When educational research reaches the public through the corporate media, the consequences are often dire, explains P.L. Thomas for the Daily Kos. Chetty, Friedman, and Rockoff released “The Long-Term Impacts of Teachers: Teacher Value-Added and Student Outcomes in Adulthood” and immediately The New York Times pronounced in “Big Study Links Good Teachers to Lasting Gains”. The simplistic and idealistic headline reflects the central failure of the media in the education reform debate……Read More
Researchers are fine-tuning a computer system that is trying to master semantics by learning more like a human, reports the New York Times. Give a computer a task that can be crisply defined—win at chess, predict the weather—and the machine bests humans nearly every time. Yet when problems are nuanced or ambiguous, or require combining varied sources of information, computers are no match for human intelligence. Few challenges in computing loom larger than unraveling semantics, or understanding the meaning of language. One reason is that the meaning of words and phrases hinges not only on their context, but also on background knowledge that humans learn over years, day after day. Now, a team of researchers at Carnegie Mellon University—supported by grants from the Defense Advanced Research Projects Agency (DARPA) and Google, and tapping into a supercomputing cluster provided by Yahoo—is trying to change that. The researchers’ computer was primed with some basic knowledge in various categories and set loose on the web with a mission to teach itself. The Never-Ending Language Learning system, or NELL, has made an impressive showing so far. NELL scans hundreds of millions of web pages for text patterns that it uses to learn facts—390,000 to date—with an estimated accuracy of 87 percent. These facts are grouped into semantic categories: cities, companies, sports teams, actors, universities, plants, and 274 others. NELL also learns facts that are relations between members of two categories……Read More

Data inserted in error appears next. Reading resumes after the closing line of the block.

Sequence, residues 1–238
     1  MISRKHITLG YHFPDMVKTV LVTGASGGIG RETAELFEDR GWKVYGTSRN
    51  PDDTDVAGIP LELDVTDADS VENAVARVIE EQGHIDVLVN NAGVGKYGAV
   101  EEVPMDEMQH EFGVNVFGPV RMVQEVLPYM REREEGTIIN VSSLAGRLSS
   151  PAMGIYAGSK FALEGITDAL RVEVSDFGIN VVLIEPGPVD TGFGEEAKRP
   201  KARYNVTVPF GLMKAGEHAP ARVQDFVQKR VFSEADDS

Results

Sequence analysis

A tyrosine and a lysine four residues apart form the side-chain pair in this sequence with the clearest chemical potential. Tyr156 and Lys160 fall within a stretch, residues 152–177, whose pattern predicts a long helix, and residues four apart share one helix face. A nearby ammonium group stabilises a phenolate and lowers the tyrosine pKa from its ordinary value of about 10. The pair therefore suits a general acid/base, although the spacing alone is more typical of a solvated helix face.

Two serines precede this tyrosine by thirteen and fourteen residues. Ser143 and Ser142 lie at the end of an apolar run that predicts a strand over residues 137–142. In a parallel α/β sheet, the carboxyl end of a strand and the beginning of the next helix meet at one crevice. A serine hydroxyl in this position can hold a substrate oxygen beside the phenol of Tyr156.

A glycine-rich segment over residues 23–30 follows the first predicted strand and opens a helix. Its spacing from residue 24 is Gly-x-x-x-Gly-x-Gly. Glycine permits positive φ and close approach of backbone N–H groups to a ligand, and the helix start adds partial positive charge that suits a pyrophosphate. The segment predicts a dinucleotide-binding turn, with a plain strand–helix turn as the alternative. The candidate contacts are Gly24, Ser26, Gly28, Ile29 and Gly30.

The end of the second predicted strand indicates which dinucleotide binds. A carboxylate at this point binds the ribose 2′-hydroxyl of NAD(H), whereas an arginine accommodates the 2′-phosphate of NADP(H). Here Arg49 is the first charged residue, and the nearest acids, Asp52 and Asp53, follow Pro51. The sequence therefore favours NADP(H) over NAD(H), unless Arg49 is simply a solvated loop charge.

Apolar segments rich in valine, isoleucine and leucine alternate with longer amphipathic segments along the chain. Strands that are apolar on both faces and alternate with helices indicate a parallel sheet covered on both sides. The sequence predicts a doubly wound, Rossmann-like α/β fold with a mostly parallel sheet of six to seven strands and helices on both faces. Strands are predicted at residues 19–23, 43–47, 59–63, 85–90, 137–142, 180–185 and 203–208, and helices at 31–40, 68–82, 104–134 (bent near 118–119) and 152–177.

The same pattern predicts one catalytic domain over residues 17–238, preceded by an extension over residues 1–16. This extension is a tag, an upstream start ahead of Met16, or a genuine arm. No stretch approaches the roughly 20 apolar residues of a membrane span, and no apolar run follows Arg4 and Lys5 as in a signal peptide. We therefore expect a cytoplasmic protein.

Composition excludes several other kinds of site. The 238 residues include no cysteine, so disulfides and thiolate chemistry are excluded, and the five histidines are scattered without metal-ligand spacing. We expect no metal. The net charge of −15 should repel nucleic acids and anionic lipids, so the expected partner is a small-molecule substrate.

With support from all of its 45 superintendents, a Wisconsin regional service agency is determined to reinvent the very nature of public education so that all students are equipped with the 21st-century skills necessary to compete and succeed in a global workplace.
Among its many innovative strategies for transforming teaching and learning, the service agency is moving from age-based groups of students to progress-based groupings; dropping standardized practices in favor of customized learning plans; phasing out print textbooks in favor of dynamic digital resources; and shifting from teacher-led instruction to a blend of face-to-face and online approaches.
Southeastern Wisconsin’s Cooperative Educational Service Agency (CESA) No. 1 is one of 12 state regional service agencies and covers 45 school districts encompassing about a third of the state’s student population. It includes Milwaukee Public Schools, the largest urban district in the state, as well as the smallest K-12 schools.…Read More